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First time in China

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Preparing Your Visit to China

 

Business in China runs on guanxi, or relationship-building. This principle establishes trust and respect between both parties, which is impossible to build over emails or phone/video calls. It requires regular visits to China to build personal connections. These relationships will be the key to opening doors and reaching people who will affect your company’s growth. Consequently, attending professional trade shows like R+T Asia and taking advantage of guanxi-building opportunities before, during, and after the show will help you establish your business and build your network.

 

To do business in China, you need to understand its culture. This requires some careful preparation before you plan your trip. China is quite large, and it contains many subcultures. English is not common in many areas, and some regions have their own language. So, before you arrive, it’s best to develop a relationship with someone in China who can steer you through the bureaucracy, the culture, and develop key contacts.

 

Your first visit to China can be challenging if you don’t prepare properly. Here are some travel tips that will help you navigate the entry requirements and move around the country, making your trip to the People’s Republic of China a successful one.

 

Travel Documents

 

Passport and visa requirements for China are more extensive than many countries. Make sure that your passport will not expire for six months after your visit and that it has two blank pages available for the entry stamps and visa.

 

A business visa will also likely be required. You can get one from a passport expediter or by requesting a visa—in person—at a Chinese embassy or consulate. Other necessary documents include an itinerary and an official letter of invitation from an appropriate business in China. Your visa application will identify any other requirements.

 

Check here for our official visa service provider.

When you arrive in China, be sure to obey the laws and depart from the country before your visa expires. Failure to do so can cause travel restrictions and other problems. Since officials may request your travel credentials at any time, always carry your passport and visa with you.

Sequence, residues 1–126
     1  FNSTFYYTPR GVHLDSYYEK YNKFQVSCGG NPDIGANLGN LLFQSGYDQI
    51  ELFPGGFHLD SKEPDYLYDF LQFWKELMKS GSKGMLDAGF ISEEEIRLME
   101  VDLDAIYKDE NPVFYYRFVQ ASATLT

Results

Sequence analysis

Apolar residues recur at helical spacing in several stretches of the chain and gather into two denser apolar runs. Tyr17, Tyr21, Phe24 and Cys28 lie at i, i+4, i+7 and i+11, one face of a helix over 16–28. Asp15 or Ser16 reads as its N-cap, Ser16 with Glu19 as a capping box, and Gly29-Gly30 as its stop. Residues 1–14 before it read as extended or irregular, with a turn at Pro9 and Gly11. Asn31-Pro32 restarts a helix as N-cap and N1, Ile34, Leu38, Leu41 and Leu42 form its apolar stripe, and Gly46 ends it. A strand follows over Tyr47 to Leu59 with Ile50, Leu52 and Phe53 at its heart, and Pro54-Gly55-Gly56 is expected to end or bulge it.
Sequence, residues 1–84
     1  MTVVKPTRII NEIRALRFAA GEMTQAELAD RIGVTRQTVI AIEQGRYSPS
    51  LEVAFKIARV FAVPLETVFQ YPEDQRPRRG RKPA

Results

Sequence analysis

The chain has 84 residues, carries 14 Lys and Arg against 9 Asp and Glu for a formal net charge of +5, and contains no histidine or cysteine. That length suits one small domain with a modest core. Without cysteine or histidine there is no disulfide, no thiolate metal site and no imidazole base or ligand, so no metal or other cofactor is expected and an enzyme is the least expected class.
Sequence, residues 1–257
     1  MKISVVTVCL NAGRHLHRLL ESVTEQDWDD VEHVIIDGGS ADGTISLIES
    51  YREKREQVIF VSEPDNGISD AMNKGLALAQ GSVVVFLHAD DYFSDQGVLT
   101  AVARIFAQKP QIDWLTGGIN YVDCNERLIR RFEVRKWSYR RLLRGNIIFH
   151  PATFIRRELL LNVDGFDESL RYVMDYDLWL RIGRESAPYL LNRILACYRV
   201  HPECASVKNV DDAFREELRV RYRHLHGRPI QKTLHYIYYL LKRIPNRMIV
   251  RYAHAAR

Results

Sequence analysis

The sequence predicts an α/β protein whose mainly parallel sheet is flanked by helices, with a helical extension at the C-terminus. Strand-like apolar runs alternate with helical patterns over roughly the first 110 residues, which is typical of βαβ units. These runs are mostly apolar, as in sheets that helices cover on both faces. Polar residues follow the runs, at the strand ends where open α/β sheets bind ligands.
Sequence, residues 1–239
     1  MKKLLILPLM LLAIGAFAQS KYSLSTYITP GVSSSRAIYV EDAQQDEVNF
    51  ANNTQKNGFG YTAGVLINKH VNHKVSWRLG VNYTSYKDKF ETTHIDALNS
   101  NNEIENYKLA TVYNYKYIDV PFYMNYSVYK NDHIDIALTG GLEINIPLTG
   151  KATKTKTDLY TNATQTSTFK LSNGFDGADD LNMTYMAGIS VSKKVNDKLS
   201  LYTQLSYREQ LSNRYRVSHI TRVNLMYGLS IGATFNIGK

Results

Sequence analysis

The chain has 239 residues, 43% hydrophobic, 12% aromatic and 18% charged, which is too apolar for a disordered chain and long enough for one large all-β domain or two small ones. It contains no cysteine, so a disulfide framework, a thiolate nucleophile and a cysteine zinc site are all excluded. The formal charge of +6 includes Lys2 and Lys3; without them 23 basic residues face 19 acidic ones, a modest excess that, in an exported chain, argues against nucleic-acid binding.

Money in China

In country, carry some Chinese currency with you. Foreign credit cards are accepted in certain high-end locations like business hotels and shopping malls, but not everywhere. ATMs are common, and many of them accept foreign debit and credit cards. It’s also wise to notify your bank of your business trip so that they don’t freeze your account because of suspicious foreign transactions.


Getting Around


The Chinese equivalent of Uber is called Didi Chuxing, which is very convenient for international travelers. Didi Chuxing accepts international credit cards and offers a text-message translation service to facilitate communication between you and your driver.


If you take a taxi, make sure the driver uses the meter. Before you get out of the taxi, ask the driver to remove your luggage from the trunk. It’s wise to carry a card that has Chinese characters that identify your hotel’s name, address, and phone number—as well as other important destinations for your trip. You can show this card to taxi drivers and others who can help you get to these destinations.


If you take a taxi, especially from the airport, don’t skip the line to the official taxi providers. The line will move quickly. Avoid unlicensed “black cabs” and insist that they are associated with the airport and offer the meter and a receipt.


Communicating in China


Tip: Print some Chinese business cards that have English on the front and Chinese on the back. When you offer your card to a business contact, present it in both hands with the Chinese side up. When you receive a card, accept it in both hands and show an interest in it. This demonstrates your willingness to embrace Chinese people and culture.

Pleco is a Chinese-English dictionary app that helps you read Chinese signs, menus, and documents. Just take a photo of any Chinese writing, and Pleco will instantly translate it into English.


Getting Online


Your email and certain online services may be difficult. China blocks access to Google, Gmail, and certain social media sites like Facebook, YouTube, and Twitter. To get your email, you may need to have your email forwarded to a different email account that is more accessible in China.


The first thing that people in China do when they meet is say, “Do you have WeChat? Let’s scan.” For social networking in China, download the WeChat app, which is used by 700+ million people. You will likely find that many of your Chinese contacts use WeChat and will welcome communications from you through that app.


We want your visit to China to be hassle-free and successful. Check out the other services we offer to support your visit to China and your attendance at R+T Asia 2020.